I find liking poetry more difficult than I used to. What a confession!

But there are certain things I know I like. One of these is memory. I know that sounds old hat: poetry as anecdotal memoir. But I like it.b2ap3_thumbnail_little-jockya.jpg

Ruth Marden harvests scraps of her life particularly well in The Little Jockey, one of the two new HappenStance pamphlets out this month. In ‘Visiting’, for example, the poem – a short one – is book-ended by a simple verbal exchange. We’re in a nursing home (at least that’s the implied setting) and a son and daughter arrive to visit an old lady. The capital letters let us know either that she’s somewhat deaf, or that they habitually shout at her: ‘They say you are WELL!’

Perhaps ‘shouting’ is right, because these are the words they ‘assail’ her with, ‘forcing words in her good ear’.

Maybe that’s also what poems do. Force words into our good ear(s). And maybe our response is not a million miles away from the old lady’s: ‘And did you / BELIEVE them?’

So: I think ‘Visiting’ is a good little poem. It’s not ambitious. It doesn’t try to do anything clever. It doesn’t, apparently, take risks, as we’re increasingly told poems should. But it makes me smile, and from when I first read it, I remembered it. I’m on the side of the old lady. We are all – if we live long enough – on the side of the old lady.

But why would I like Ruth’s opening poem, ‘Enamelled Box’? After all, it’s in two-line stanzas, and I’ve belly-ached quite a bit about two-line stanzas lately. And it isn’t even about much.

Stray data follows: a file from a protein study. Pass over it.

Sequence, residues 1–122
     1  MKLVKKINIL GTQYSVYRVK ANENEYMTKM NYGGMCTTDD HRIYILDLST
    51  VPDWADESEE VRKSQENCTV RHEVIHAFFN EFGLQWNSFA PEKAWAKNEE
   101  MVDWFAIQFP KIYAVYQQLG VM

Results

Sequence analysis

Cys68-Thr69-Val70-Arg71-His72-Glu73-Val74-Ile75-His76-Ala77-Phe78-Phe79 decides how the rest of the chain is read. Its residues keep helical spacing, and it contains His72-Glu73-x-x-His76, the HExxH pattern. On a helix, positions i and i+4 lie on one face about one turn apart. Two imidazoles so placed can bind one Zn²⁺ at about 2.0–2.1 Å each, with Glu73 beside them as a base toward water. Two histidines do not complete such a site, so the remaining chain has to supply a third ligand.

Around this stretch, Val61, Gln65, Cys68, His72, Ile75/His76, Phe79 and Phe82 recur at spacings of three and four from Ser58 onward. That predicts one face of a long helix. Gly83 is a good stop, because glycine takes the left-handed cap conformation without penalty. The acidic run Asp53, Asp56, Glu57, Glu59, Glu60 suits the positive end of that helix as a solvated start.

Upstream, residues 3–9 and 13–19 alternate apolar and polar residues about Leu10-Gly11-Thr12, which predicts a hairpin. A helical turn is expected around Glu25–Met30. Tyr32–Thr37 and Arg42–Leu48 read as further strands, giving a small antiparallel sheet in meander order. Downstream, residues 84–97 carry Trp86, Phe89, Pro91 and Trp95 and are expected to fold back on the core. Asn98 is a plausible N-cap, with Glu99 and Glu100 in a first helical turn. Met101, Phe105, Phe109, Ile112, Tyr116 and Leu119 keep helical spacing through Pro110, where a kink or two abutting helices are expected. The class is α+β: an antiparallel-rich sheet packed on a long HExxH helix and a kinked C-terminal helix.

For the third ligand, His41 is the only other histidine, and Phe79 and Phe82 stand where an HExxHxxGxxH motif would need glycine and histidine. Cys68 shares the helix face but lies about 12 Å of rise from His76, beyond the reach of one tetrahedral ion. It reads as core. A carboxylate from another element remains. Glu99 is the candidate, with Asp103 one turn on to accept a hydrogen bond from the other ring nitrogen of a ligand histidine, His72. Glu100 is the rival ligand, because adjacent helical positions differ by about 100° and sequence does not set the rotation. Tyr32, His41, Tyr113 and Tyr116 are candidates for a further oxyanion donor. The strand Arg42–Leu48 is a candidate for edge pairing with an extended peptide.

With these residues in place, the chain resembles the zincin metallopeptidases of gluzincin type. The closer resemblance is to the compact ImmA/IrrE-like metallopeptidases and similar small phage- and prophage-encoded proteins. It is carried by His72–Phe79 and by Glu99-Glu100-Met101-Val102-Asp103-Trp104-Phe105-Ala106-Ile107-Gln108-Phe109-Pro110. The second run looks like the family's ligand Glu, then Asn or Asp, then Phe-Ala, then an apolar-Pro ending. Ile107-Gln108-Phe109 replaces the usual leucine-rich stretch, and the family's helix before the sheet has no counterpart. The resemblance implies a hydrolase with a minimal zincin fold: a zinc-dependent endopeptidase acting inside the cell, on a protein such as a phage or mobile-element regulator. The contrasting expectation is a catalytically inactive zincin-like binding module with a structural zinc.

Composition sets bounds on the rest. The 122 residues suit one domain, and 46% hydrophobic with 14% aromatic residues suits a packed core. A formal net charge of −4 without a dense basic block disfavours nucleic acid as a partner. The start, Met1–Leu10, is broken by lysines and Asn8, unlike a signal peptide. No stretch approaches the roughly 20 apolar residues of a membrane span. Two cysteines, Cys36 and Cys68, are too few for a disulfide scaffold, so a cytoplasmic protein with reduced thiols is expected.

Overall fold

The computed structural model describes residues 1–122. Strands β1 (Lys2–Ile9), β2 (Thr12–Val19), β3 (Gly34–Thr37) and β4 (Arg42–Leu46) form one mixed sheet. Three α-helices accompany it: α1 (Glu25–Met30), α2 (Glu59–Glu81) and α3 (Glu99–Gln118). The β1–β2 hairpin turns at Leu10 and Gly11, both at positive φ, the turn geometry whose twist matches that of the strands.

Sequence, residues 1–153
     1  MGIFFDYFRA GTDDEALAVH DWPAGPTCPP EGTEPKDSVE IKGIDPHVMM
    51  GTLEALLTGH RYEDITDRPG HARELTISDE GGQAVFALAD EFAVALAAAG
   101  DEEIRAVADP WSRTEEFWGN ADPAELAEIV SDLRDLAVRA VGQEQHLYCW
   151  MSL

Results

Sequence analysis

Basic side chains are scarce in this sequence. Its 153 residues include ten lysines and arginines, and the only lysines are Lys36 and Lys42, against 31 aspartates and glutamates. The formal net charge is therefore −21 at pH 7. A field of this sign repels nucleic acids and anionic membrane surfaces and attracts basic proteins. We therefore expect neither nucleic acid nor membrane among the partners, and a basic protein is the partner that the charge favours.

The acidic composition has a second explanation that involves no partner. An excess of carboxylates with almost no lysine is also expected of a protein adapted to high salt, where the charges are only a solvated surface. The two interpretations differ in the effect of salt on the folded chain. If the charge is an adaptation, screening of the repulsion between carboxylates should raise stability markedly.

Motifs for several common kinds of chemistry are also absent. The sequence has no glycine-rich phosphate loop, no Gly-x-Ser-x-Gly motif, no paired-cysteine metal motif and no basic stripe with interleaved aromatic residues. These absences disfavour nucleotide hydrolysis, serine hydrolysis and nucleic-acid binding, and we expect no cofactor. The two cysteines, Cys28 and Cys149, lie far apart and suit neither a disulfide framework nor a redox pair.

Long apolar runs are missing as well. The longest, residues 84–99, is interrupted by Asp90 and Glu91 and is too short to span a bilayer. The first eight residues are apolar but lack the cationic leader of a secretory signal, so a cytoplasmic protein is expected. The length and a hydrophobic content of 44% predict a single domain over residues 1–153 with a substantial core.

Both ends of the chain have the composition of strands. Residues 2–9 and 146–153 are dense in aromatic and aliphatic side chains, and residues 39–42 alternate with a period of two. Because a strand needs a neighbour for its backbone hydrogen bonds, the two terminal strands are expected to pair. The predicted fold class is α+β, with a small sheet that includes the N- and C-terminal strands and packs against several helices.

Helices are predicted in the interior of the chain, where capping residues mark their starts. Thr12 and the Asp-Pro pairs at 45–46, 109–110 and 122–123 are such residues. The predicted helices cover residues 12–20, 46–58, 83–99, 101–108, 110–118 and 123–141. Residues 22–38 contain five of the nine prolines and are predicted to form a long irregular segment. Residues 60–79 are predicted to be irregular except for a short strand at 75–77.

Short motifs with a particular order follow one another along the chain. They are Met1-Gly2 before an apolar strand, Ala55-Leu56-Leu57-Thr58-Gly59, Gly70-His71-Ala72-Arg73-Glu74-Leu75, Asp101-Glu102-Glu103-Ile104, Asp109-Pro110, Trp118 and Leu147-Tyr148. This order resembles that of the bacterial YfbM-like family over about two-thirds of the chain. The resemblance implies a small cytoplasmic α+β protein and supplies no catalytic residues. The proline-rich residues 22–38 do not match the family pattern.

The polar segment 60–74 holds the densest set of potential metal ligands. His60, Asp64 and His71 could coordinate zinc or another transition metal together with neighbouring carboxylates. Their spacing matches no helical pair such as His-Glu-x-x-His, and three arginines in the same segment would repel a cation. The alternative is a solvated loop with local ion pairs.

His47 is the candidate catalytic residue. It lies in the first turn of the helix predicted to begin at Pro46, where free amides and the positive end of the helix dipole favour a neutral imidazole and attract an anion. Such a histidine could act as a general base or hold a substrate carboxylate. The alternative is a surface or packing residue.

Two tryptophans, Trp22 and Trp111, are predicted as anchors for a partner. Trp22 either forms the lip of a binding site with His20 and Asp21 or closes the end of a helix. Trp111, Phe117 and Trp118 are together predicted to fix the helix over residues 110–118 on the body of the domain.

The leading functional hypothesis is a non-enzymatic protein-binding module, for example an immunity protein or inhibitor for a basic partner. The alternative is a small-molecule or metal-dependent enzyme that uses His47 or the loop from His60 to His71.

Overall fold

The poet has a curious little box. She’s fond of it. She takes it out in the sunshine and puts it on the lawn. She describes the box. I have an impression of its impression on her, more than of the box itself:

Blockings and angles and lines
all jostle, all engage

in oranges, greens,
kaleidoscope-shakings of blue.

The two-line stanzas create space around the box, as I try to ‘see’ through the description, to visualise the object. Why do I like this poem? Why one earth would anyone want to read a poem about an enamelled box?

I had to think about this carefully, because I wasn’t at all sure. But I think it’s because ‘Enamelled Box’ is about liking a ‘thing’. Not a person, or animal, or even a great artwork. It’s about liking a little box enough to ‘spirit it out for an airing, / letting it shine on the lawn’. Human beings do this, don’t they? Form affections for objects that aren’t in the least logical. The affection is in the action, and in the close attention to the detail of the box, and in the jauntiness of ‘spirit it out for an airing’.

All this tells me something about the poet, which tells me something about myself. Surprisingly hard to explain my liking. But I like it a lot. And the opening lines, for me, connect with the whole pamphlet of poems (this is the very first poem in the booklet after all):

Even now, from time to time,
I am drawn in, and the pattern


When you publish poems you like, you don’t have to explain why you like them. But maybe publishers should. In this world of competing poems, why should these ones win your attention?